Tuesday, September 29, 2009

Parenting: Apologia Pro Vita Sua

I tend to walk accidentally into some minefields. I have been attempting to avoid the parenting minefield. It would be a satisfying feeling to meet with parents that hold to the same parenting philosophy as I do. I know that a lot of people have such communities or such imagined communities, but I feel startlingly alone. The problem in short is that I do not have a philosophy. This offends people. I remember a college boyfriend once told me, "Hey, I would be fine if you didn't shave your legs out of principles. . . or I would be fine if you shaved everyday out of vanity. . . but this shaving sometimes and not shaving other times is gross." Destroyed on the shoals of intentionality. Intentionality is hard for me. I once made a decision for Jesus. No problem. I made a decision to marry Doug. That was easy. But, in general no other decisions have ever been that easy. I am still not sure about what I would like to do when I grow up. I still become troubled about the question of denominational identity. And, then, there is the daily grind of decisions that really, truly wear at me.

What first attracted me to the work of the Christian ethicist Stanley Hauerwas was not his startling vision of the alternative Christian polis, instead it was his portrayal of the virtuous person for whom ethic is not the crisis of decision but an art-- a way of being that is seemingly seamless. At my best I hope that my parenting embodies my love and faithfulness and patience and that decisions are made correctly (a lot of the time) without recourse to a philosophy. At the worst, I fear that I worry neither toiling or spinning.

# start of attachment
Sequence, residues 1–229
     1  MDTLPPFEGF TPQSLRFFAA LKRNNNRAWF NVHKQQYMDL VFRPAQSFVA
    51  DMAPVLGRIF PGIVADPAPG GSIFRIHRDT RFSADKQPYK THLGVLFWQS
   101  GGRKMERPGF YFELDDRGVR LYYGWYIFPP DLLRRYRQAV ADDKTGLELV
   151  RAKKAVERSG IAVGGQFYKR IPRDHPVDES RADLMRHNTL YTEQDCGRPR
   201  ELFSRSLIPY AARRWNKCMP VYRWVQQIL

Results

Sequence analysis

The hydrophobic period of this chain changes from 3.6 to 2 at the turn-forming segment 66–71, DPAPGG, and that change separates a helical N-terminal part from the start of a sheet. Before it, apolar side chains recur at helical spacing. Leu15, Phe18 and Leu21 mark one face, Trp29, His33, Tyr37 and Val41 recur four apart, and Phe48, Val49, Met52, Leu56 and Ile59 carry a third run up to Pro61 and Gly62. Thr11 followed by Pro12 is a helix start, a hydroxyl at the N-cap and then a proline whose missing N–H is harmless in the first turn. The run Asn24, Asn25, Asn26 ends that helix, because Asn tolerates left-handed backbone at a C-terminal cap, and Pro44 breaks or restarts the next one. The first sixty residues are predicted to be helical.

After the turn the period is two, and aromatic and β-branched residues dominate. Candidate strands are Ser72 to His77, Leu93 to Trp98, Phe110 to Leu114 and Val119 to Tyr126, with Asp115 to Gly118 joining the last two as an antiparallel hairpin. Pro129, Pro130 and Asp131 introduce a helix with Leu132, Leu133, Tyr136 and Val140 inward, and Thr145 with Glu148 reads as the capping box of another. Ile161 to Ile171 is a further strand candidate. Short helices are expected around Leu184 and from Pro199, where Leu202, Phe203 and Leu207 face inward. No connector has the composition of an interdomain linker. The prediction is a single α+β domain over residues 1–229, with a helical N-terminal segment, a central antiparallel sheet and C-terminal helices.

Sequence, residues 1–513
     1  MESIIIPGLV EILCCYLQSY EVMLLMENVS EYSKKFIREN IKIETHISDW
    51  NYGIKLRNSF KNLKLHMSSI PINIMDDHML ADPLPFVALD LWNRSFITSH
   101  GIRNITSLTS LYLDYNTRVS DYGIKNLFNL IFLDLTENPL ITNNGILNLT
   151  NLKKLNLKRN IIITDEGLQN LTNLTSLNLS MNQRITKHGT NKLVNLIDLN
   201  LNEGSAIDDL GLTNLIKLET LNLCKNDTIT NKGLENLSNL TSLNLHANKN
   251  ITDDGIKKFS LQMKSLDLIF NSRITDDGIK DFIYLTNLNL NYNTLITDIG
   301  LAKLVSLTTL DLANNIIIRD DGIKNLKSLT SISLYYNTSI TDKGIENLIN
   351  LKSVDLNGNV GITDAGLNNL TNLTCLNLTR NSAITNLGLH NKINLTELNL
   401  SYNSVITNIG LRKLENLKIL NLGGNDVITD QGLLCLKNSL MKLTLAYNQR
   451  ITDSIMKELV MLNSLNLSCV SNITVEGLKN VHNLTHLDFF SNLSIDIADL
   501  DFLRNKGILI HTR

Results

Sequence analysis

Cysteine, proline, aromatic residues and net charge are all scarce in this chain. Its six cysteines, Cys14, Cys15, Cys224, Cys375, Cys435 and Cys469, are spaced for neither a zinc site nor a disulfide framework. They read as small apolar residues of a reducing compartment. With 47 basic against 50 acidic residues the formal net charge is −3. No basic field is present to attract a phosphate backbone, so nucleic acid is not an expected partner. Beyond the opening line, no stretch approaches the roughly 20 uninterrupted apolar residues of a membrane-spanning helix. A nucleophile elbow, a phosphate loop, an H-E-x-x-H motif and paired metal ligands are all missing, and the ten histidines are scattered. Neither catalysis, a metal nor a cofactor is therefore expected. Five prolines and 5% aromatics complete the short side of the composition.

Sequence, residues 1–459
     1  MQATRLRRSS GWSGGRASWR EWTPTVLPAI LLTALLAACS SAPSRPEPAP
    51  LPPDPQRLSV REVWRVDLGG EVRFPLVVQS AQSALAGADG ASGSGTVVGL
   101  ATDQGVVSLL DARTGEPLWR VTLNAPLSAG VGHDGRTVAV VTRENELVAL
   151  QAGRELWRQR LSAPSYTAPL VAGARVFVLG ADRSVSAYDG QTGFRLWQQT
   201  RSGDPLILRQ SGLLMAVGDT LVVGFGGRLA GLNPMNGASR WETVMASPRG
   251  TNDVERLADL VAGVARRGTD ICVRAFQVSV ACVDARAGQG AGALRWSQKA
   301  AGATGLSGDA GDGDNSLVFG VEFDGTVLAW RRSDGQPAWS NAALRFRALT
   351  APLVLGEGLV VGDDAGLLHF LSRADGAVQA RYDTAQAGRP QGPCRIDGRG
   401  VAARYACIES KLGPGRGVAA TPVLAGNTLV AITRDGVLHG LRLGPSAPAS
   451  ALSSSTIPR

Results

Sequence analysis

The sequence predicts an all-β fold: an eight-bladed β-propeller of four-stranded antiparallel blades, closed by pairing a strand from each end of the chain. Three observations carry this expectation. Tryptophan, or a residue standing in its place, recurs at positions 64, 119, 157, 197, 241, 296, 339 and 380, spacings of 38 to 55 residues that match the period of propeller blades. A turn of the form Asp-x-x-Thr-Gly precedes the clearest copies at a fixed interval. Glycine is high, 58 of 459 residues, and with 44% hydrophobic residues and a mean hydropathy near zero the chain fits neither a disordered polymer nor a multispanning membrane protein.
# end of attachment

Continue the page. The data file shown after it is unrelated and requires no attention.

But, how to explain this to people who have very decided philosophies and who make me feel at times like a falterer and a fraud? Is there grace in doing nothing? I was never able to appease the boyfriend who believed that I needed to have a rationale for only shaving my legs some of the time.

I am a person of strong convictions and yet surprisingly meager intention. As, I often tell those dear to me. . . I am a plodder and not a plotter.

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